There is an acupressure point called Yin Tang or Hall of Impression, that is shown to decrease anxiety and reduce stress. Apply pressure to the acupressure point between the eyebrows, as shown in the image below.
You can use circular massage on the Yin Tang point and combine the massage with essential oil. Apply pressure or massage the Yin Tang point for fifteen seconds or as long as five minutes.
Calming Practices for Non-Work Hours
Here are some things you can do to stimulate the vagal nerve and the VVC when you are not at work. These practices require more time and attention, and some require a health care practitioner. Regardless of which practices you choose to explore, all can help you to strengthen your emotional health.
Loving self-touch through massage or acupressure can bring calm. Stimulate the VVC even more by focusing on your face and the muscles around your mouth, eyes, and ears. Learn how to give yourself an acupressure facial or how to do face yoga.
Treatments with acupuncture are reported to decrease anxiety and promote relaxation for patients. Consider making an appointment for acupuncture treatment with a qualified acupuncturist.
Tapping aka EFT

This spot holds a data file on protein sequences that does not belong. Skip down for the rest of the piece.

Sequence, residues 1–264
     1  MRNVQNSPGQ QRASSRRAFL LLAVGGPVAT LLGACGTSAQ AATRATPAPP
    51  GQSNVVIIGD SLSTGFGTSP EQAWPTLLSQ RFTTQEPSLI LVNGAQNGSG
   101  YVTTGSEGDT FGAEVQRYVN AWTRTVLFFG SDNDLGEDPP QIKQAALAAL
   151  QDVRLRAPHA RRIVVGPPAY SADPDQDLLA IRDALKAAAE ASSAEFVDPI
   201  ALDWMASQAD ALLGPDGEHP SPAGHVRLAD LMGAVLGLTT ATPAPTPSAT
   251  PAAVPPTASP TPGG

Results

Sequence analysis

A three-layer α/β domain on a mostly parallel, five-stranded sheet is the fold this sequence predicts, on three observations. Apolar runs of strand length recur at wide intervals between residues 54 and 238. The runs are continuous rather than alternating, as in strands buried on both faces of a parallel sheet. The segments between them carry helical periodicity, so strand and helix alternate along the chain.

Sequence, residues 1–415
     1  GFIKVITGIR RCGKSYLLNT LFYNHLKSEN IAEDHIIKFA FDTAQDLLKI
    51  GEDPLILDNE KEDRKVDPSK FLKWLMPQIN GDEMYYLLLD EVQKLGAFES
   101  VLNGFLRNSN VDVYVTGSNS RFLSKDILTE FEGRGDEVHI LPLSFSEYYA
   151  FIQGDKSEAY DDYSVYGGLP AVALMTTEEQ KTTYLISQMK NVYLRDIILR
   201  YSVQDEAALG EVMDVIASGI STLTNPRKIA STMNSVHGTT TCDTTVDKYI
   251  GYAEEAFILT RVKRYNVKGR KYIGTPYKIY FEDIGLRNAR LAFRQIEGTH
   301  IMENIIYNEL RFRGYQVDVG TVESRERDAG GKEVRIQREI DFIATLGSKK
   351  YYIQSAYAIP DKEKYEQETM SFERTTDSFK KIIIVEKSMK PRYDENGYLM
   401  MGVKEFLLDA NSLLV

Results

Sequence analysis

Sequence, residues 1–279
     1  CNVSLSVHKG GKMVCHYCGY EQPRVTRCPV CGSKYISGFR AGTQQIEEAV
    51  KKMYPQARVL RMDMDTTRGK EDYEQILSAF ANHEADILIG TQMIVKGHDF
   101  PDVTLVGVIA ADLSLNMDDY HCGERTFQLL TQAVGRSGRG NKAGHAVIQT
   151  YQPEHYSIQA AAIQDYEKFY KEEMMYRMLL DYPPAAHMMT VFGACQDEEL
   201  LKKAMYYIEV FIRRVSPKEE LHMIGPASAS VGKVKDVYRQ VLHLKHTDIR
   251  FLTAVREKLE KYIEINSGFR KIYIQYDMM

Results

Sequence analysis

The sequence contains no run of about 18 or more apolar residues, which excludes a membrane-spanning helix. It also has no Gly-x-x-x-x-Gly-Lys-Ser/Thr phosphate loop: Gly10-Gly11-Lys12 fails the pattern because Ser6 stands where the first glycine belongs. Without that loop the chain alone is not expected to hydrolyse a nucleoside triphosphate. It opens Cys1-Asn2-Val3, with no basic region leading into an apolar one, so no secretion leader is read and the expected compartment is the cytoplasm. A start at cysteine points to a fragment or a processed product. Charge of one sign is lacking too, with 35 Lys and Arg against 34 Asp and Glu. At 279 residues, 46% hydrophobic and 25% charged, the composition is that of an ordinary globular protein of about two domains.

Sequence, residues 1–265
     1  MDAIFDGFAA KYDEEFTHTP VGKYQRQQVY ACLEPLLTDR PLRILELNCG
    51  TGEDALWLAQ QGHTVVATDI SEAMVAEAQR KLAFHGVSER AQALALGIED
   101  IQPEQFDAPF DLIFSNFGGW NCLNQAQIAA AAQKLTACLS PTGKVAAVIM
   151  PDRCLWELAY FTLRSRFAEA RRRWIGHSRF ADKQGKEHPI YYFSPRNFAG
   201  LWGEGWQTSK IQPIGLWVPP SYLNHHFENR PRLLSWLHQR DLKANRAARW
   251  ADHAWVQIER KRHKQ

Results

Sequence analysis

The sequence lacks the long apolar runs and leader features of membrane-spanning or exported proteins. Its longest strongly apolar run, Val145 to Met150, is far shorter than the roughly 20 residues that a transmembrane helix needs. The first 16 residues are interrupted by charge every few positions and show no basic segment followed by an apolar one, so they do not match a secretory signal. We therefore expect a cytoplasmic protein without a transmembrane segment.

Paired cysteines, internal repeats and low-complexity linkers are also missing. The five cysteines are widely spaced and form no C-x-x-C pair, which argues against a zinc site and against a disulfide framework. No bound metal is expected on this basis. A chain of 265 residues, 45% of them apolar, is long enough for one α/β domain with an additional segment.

Emotional Freedom Tapping (EFT) is another way to relieve stress and encourage calm by accessing the mind-body connection. Gentle tapping at specific places on your body can activate the vagus nerve and stimulate vagal tone. Try tapping at the crown of your head and at your heart center. See how you feel. Learn more about tapping here.
Connect your mind with your body through movements like yoga or walking in nature. Physical activity of any kind will encourage relaxation and calm by activating the vagus nerve. In as little as ten minutes of walking, a person can experience reduced stress and an increased sense of calm.
Meditation can be a helpful practice for supporting your emotional health. While meditation can be very powerful, it may take more patience to build the skills than are available if you are feeling stressed. I suggest that people look at building a meditation practice as a long-term goal. We recommend that people attend a class or use an online meditation recording to help build their meditation practice.
Our hope is that one of the practices listed here will resonate with you.
For more information, register for the December 6 FREE WEBINAR to learn and experience these practices with Jessica.
Jessica Knox is a certified yoga practitioner and owner of “A Balanced Body. You will find resources for the practices mentioned in this posting available at A Balanced Body, as well as workshops, classes and options to book appointments for massage, acupuncture, acufacials.
Check out the offerings at A Balanced Body here.
As a psychotherapist and brain health supporter, I love this article! Thank you for giving such practical and easy to use information and ideas. Happy holiday season!
Fabulous choice of an article to help us care for ourselves. Thank-you so much!